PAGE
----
"I was reading Genesis 9.20-27 and came across a puzzle. In this passage, Noah's son Ham sees his father's nakedness' and tells his brothers. When Noah wakes up and discovers what has happened he curses Canaan, not Ham. I don't get it . . . Canaan wasn't born yet and he didn't do anything wrong. Why was he cursed and why was Ham not cursed?"
This is one of those passages most folks simply pass over and forget about--because tradition tells us Ham was cursed, but of course you've discovered this isn't the case. The traditional answer is Ham was cursed vicariously because his youngest son was cursed. However, the difficulty with this postulate is generally curses were put on the oldest son, since the oldest was the most vulnerable to a curse. Further, the fact that Ham was not cursed is curious, for he would have been the most likely to have deserved the curse.
There is, however, another possible solution, albeit not a nice one. To understand this thought we first have to understand the metaphor "his father's nakedness." Traditionally the sin of Ham is thought to have been seeing and poking fun at his drunken father who lay naked on the floor of his tent. However, except for the dishonoring of his father, this is hardly a break of any commandments, and the curse seems rather harsh for such a crime. However, when the term "his father's nakedness" is exposed, there is a light of understanding. Leviticus 18.7-8 sheds light on what this term means: "You shall not uncover the nakedness of your father, which is the nakedness of your mother; she is your mother, you shall not uncover her nakedness. You shall not uncover the nakedness of your father's wife; it is the nakedness of your father" (Leviticus 18:7-8). Thus to see the "nakedness of his father" implies he saw Noah's wife naked.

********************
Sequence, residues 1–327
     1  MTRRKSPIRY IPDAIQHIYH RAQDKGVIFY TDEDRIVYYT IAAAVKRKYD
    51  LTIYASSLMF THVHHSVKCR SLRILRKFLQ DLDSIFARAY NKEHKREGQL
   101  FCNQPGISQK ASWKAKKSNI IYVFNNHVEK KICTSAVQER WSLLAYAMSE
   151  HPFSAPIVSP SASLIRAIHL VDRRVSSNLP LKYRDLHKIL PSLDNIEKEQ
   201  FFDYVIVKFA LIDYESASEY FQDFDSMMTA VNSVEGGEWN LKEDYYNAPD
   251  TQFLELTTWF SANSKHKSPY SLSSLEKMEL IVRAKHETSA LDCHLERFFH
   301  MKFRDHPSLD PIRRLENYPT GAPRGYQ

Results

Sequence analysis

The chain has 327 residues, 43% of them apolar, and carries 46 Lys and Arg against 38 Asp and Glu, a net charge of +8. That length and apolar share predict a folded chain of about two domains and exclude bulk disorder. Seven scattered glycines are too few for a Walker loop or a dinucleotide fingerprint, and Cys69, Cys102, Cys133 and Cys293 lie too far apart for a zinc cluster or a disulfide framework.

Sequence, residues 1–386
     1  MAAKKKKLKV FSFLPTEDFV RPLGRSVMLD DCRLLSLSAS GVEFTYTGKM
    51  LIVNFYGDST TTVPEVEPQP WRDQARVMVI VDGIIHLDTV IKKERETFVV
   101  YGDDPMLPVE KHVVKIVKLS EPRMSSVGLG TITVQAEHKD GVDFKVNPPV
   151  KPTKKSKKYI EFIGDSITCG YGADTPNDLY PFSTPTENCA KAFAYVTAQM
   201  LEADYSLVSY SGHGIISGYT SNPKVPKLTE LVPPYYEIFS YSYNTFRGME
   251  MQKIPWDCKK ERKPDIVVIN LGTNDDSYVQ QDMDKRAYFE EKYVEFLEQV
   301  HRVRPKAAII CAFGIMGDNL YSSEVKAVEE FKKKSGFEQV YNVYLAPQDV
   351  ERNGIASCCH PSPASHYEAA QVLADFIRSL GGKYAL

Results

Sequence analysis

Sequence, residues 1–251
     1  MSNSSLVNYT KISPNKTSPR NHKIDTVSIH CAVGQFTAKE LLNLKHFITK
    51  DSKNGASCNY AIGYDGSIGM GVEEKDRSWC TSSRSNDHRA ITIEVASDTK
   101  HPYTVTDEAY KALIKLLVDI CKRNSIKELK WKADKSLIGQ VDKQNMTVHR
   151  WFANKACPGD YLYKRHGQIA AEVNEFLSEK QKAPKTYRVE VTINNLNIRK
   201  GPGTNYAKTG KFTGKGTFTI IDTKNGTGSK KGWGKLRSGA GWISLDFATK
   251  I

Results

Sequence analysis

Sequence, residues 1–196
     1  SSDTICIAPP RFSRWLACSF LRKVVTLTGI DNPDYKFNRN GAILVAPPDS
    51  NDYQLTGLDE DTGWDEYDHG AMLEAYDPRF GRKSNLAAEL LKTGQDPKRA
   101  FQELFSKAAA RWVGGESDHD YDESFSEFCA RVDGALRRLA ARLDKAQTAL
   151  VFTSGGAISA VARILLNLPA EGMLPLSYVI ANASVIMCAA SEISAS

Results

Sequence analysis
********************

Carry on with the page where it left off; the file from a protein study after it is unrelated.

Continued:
In a further study we find in Leviticus 20.11 that to "uncover his father's nakedness" is to lay with his father's wife, that is to have intercourse with her. With this in mind, it becomes more clear as to the possibilities for the curse. The scenario thus reads like this; for whatever reason, Ham enters his father's tent. His father is in a drunken stupor; perhaps Noah's wife was as well. In any case, it seems Ham may have indulged in a debaucherous act that resulted in the impregnation of his mother (perhaps this is where Sophocles got his idea for Oedipus Rex). When Noah woke up and discovered what had happened he didn't curse either his wife nor his son, for whatever reasons, but instead cursed the fruit of the union, Canaan, which means humiliated--a state in which Noah found himself.
The curse of Ham has really always been the curse of Canaan, for according to the story Ham's other sons all prospered in their respective lands, and Ham lived a prosperous life as well. Only Canaan, the child of a possible illicit affair, received the full weight of Noah's curse.